Little good and no use, it's sad to say. The resolute bioterrorist has a stunning array of poisons and plagues to choose from, and no individual can prepare for them all. That's what governments are for: to anticipate and contain public-health disasters. Surely a premeditated epidemic threatening hundreds of thousands is one disaster worth anticipating. That kind of terrorism could make the Sept. 11 tragedy look like a warmup exercise. The prospect has worried public-health experts for years.
Has it worried U.S. officials? Not enough. Though Health and Human Services Secretary Tommy Thompson claims his department is ready to handle anything bioterrorists can dish out, there's reason to doubt him. According to a draft report by the General Accounting Office, the federal bioterrorism plan is an underfunded jumble of programs spanning 20 departments. The government is shamefully short on crucial vaccines. It has no clear game plan for containing an incipient epidemic. Moreover, its prevention efforts are feeble; federal inspectors examine only 2 percent of shipping containers arriving from overseas, and just 1 percent of imported food.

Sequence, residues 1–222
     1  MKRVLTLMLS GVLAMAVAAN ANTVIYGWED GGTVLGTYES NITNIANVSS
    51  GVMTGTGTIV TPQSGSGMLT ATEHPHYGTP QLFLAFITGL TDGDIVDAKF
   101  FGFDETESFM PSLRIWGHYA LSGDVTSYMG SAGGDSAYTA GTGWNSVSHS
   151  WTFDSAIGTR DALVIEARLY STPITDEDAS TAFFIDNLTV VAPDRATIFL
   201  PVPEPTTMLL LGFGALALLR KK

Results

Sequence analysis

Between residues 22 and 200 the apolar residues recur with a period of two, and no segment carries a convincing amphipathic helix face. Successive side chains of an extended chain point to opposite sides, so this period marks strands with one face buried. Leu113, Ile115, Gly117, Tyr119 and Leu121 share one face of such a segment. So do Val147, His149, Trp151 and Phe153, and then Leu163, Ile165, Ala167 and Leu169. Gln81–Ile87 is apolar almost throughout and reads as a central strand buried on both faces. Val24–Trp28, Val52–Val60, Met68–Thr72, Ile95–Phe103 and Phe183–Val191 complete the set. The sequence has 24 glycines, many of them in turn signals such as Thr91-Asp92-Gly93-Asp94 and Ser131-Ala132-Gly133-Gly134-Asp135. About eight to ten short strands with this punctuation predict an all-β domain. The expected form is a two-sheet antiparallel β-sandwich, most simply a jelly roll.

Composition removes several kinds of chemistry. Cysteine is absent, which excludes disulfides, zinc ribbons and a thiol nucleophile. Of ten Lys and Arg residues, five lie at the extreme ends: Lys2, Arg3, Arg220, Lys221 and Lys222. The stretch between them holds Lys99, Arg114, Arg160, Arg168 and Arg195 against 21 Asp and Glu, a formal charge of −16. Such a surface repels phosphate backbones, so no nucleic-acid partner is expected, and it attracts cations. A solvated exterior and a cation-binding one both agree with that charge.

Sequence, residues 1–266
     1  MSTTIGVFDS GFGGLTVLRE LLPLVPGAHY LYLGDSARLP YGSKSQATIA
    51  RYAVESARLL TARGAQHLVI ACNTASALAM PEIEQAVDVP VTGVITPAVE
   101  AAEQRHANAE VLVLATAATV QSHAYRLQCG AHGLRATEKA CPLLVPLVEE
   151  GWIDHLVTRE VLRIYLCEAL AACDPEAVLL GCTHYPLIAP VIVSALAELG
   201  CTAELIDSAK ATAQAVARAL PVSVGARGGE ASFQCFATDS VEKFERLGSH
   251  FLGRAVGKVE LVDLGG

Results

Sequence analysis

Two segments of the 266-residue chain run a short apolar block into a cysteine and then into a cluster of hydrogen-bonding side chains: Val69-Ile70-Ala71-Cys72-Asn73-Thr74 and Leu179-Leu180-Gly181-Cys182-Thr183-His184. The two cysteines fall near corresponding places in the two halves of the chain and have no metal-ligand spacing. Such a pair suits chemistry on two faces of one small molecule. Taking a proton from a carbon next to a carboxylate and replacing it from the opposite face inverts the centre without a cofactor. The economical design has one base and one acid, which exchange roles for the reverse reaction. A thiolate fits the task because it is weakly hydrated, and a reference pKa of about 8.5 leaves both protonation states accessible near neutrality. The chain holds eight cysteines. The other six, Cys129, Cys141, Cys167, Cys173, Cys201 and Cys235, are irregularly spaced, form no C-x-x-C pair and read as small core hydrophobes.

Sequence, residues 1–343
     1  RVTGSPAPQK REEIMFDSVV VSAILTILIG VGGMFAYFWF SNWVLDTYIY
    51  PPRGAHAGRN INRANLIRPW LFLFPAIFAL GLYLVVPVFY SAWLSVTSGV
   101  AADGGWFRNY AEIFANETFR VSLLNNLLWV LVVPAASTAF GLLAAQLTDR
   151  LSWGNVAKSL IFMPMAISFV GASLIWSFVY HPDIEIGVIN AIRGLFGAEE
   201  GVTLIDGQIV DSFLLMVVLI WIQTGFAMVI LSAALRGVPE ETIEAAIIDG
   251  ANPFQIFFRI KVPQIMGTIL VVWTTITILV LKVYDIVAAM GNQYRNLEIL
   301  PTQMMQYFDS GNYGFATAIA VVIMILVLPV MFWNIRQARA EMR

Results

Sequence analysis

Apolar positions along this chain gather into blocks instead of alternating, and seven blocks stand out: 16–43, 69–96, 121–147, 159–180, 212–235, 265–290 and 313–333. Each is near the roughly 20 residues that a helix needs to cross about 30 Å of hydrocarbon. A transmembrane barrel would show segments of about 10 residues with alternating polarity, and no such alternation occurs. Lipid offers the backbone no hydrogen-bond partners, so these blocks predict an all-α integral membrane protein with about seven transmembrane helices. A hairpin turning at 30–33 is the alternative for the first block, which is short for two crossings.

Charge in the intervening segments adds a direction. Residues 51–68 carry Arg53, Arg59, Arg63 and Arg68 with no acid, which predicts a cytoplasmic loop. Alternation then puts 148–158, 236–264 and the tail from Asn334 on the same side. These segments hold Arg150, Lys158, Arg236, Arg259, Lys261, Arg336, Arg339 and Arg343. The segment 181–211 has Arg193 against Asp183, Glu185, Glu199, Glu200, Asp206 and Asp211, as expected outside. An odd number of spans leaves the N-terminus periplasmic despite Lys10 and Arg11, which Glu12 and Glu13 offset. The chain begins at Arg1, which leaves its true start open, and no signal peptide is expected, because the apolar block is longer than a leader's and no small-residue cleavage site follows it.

That's just the trouble at the top. States and cities aren't in much better shape. Most of the country's cops and firefighters aren't really prepared to respond to bioterrorism. Neither are hospitals, most of which stock supplies sufficient for a few days of ordinary patient flow.
These findings drive home a lesson Americans have been slow to learn: The United States is vulnerable to its unseen enemies, and poorly prepared to cope if they attack. This was true long before Sept. 11, and could remain so if the gas-mask craze continues. What the country really needs is a very different kind of craze -- in favor of a strong public-health system equipped to prevent, detect, monitor and treat epidemics before they run out of control. Such a system is the surest shield against bioterrorism. Congress should rush to forge it.
(Compiled by United Press International)